Seattle, Washington

9/1/2008 – 9/2/2008

A really quick stop in Seattle to see Jess and catch a train to Vancouver. I met up with Jess and a couple of her friends for a couple of drinks and some socializing before¬†we headed out to dinner. After hanging out for a couple of hours Jess took me back to her house and then left me there with instructions on how to get to the train station in the morning–she was housesitting for somebody elsewhere so had to leave.

I forgot the instructions but still managed to find the train station.

Reading: The Balkans.

Departure: Amtrak Cascades to Vancouver, BC, $35.00.

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Coast Starlight

8/18/2008 – 8/19/2008

Amtrak: Coast Starlight

This trip from Sacramento, CA to Eugene, OR was fairly uneventful. The train left an hour late, and after stopping to make sure a forest fire in southern Oregon wasn’t too dangerous to pass, arrived in Eugene two hours late. I didn’t sleep much, but had a good breakfast.

Reading: Divine Secrets of the Ya-Ya Sisterhood – going slower than I would have hoped

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California Zephyr

8/11/2008 – 8/12/2008 & 8/14/2008 – 8/15/2008

Amtrak: California Zephyr

I’ll admit, I was somewhat intimidated by the idea of two nights in a row sleeping in my seat on board the train. It was this, combined with the fact that my college friend Sarah lives in Denver, that led me to break the journey into two pieces. Overall, traveling by train has been a good experience. It takes quite a while, but can be cheaper than flying (and driving) and is actually a relaxing and interesting way to travel if you have the time. I made some notes on the people I met during the two legs of my journey.

Chicago to Denver
  • A retired old man who now mows fairways at a golf course by his house, on his way to visit his daughters in California.
  • Another old guy who talked a lot about World War II (“the war”) and Korea.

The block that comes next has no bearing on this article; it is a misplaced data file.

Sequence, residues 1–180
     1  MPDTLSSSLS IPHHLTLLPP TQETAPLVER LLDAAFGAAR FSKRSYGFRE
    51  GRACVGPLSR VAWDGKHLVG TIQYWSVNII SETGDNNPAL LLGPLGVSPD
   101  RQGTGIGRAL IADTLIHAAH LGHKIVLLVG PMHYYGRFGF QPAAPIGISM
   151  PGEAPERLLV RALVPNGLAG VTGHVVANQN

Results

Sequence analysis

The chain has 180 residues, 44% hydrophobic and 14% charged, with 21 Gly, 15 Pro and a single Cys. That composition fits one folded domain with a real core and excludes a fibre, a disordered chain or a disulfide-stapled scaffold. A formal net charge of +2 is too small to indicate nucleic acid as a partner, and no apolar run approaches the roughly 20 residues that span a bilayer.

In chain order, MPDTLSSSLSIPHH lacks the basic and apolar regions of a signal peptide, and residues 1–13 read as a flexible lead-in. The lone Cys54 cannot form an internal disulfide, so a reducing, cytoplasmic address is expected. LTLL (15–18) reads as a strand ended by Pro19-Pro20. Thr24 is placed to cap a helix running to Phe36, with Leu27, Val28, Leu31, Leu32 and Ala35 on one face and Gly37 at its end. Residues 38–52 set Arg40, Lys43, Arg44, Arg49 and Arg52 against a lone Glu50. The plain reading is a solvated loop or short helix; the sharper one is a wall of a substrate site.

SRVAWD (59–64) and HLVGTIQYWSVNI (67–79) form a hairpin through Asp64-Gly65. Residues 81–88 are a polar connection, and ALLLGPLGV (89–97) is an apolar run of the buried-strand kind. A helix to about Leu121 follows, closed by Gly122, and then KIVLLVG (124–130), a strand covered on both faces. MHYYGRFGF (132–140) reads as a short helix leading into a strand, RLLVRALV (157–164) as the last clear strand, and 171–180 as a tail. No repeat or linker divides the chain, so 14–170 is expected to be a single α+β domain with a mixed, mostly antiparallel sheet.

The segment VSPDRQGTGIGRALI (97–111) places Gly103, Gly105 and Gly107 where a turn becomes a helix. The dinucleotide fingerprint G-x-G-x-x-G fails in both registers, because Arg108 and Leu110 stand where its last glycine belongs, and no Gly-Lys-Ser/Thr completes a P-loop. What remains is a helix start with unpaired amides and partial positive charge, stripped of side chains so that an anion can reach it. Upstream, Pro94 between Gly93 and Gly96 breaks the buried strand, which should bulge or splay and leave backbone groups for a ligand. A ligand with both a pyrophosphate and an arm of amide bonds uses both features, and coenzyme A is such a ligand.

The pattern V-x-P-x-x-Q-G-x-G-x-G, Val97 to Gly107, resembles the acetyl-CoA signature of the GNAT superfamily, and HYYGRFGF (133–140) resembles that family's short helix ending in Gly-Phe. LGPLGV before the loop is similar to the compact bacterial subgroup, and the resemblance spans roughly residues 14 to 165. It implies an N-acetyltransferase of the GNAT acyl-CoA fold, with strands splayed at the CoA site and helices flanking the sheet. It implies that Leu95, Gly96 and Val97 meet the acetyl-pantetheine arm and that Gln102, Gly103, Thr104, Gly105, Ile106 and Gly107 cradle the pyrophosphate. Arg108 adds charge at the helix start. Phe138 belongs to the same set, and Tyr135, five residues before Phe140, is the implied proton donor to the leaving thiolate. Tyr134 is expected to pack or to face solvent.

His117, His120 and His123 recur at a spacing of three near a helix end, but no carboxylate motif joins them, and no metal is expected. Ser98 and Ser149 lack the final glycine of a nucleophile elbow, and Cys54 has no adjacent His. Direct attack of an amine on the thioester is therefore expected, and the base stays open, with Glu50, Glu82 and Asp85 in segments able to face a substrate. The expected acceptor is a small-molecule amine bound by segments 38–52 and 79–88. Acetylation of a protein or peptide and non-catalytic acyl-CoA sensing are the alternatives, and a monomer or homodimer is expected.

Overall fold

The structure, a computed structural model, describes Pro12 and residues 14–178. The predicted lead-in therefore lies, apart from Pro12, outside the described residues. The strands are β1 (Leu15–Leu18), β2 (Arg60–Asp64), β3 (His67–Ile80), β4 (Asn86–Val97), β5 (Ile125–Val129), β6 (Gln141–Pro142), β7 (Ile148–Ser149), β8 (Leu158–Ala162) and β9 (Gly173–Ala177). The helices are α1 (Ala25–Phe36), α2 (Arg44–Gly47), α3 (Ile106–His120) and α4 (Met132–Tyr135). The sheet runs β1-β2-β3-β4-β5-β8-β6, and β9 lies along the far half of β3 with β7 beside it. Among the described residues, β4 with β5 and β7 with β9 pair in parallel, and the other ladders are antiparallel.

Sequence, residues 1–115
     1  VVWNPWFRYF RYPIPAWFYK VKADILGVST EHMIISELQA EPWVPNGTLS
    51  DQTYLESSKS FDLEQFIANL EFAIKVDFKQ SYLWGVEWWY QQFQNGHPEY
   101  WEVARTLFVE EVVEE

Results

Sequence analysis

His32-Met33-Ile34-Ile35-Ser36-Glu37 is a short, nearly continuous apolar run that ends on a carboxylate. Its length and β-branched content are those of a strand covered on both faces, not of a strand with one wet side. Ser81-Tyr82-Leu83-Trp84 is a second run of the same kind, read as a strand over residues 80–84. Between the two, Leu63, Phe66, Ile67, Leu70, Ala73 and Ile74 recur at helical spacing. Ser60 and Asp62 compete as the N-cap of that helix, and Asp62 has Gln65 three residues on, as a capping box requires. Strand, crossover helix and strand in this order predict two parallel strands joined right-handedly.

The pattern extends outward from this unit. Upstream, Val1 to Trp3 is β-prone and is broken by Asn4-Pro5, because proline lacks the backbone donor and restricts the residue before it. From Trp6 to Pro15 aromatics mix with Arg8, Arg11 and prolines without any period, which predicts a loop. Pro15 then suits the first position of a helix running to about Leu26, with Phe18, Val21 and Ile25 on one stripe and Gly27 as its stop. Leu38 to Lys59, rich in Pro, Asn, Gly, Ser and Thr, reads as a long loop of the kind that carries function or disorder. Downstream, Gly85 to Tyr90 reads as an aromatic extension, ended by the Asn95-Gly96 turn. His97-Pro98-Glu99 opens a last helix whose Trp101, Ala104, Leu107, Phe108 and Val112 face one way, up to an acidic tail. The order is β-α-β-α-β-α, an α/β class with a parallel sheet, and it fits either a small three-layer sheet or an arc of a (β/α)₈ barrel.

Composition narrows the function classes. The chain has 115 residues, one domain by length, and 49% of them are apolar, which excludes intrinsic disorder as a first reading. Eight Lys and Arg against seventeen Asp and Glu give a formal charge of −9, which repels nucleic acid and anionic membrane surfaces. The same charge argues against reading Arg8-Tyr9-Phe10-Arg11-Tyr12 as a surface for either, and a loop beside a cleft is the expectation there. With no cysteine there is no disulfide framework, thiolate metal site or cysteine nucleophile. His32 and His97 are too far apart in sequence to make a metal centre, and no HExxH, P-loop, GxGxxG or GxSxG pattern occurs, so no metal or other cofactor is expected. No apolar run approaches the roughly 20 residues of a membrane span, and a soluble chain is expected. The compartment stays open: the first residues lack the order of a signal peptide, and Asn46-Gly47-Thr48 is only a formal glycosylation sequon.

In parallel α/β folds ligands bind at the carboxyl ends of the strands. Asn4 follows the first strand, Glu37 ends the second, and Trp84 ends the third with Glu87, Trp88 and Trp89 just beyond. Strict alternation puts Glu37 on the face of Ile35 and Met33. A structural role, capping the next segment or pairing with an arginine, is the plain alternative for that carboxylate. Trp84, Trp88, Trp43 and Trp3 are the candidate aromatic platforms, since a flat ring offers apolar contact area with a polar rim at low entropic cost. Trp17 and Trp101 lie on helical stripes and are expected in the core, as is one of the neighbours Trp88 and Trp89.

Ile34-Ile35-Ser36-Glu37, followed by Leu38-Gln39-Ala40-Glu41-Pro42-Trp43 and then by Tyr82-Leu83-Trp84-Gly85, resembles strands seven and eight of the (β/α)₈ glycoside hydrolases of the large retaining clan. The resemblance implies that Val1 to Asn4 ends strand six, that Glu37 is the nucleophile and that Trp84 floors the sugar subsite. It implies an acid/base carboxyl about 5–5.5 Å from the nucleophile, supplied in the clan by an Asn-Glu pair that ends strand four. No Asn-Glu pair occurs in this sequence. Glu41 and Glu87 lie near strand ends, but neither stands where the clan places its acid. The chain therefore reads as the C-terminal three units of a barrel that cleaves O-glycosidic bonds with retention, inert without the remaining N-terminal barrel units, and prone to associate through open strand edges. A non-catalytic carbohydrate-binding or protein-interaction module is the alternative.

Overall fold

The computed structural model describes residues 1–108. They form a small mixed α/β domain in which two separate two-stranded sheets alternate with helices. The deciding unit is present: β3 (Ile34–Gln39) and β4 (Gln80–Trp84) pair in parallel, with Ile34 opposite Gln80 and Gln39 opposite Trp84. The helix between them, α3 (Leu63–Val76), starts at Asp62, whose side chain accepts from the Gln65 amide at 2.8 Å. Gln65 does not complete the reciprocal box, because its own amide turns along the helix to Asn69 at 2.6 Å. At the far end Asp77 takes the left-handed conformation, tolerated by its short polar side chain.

• My seatmate on the first leg, a man from Denver who has retired from computer programming and now spends his time freaking out about peak oil. He seemed well-intentioned but pretty flaky. I learned some things talking to him.
  • Sandy, a young woman who grew up in NYC but now lives in Davis, California, who was on her way back home from DC. She flew out and took the train back for fun, which made me like her even more.
Denver to Emeryville
  • The train lost a car in Denver, so I sat at a table in the cafe-car with Frank, a mid 70s man headed to a $100 per plate union dinner in San Francisco.
  • Frank and I ended up playing cards with Ashley, a great girl I ended up hanging out with a decent part of the journey. She was on her way home to Sacramento from Denver.
  • A mom and her two cute young kids headed from Denver to Salt Lake City. The boy was wearing an awesome shirt that labeled the different parts of his “engineer kit”. I was obsessed with trains when I was a kid too, so I could relate.
  • A weird dude from Arkansas who was going to his brother’s property in northern California to pan for gold or something. Interesting story but this guy was seriously strange.
  • A nice lady who couldn’t finish her lunch and gave me lots of it, then I once I was given a seat I ended up next to her.
  • Rebecca, a woman moving across the country to the bay area, looking for big life changes. I ended up chatting with her quite a lot during the last few hours of the trip.
  • I had to change seats at Salt Lake, at two in the morning, and ended up sitting next to Mary from New York, an older lady whom I really enjoyed talking to. She mixed koolaid and grapefruit seed extract for her morning drink, which was strange, but overall she was great. Also, she writes limericks for fun, and I wrote one while I was sitting with her.
  • I ate breakfast in the dining car and met some folks there, including a Basque guy (“I’m European. Basque, actually. From Spain.”) He was well-traveled all over the world and ended up telling us about taking the trans-siberian railroad west from China to Moscow. I’d considered that trip eastbound, but never thought of doing it westbound. He also talked about getting a horse in Mongolia and going to live in the camp-villages for a few days.
  • We also sat with a tattooed and pierced guy who turned out to be a juggler. He talked a lot but was very nice, genuine, and loved life.
  • Our fourth was a picky woman who ate almost nothing. She tried to order off the menu several times, which doesn’t really work on Amtrak. They have what is on the menu and nothing else.

Reading: On The Road – finished on the train; Divine Secrets of the Ya-Ya Sisterhood – started

Incidentally, I highly recommend reading Jack Kerouac’s On The Road while you are traveling through Denver and San Francisco. These two places, along with New York City, are the primary locations in which the story takes place. I guess I could have left from NYC rather than DC and that would have made it more perfect, but oh well. As it was, it was pretty neat to see the places in the story just as I was reading about them.

I suppose it would be possible to follow the exact paths taken by Dean and Sal, but that would take years, and many thousands of miles of travel. Good luck if you decide to try this.

On to the Bay, Sacramento, and eventually to a bit of a break in Oregon.

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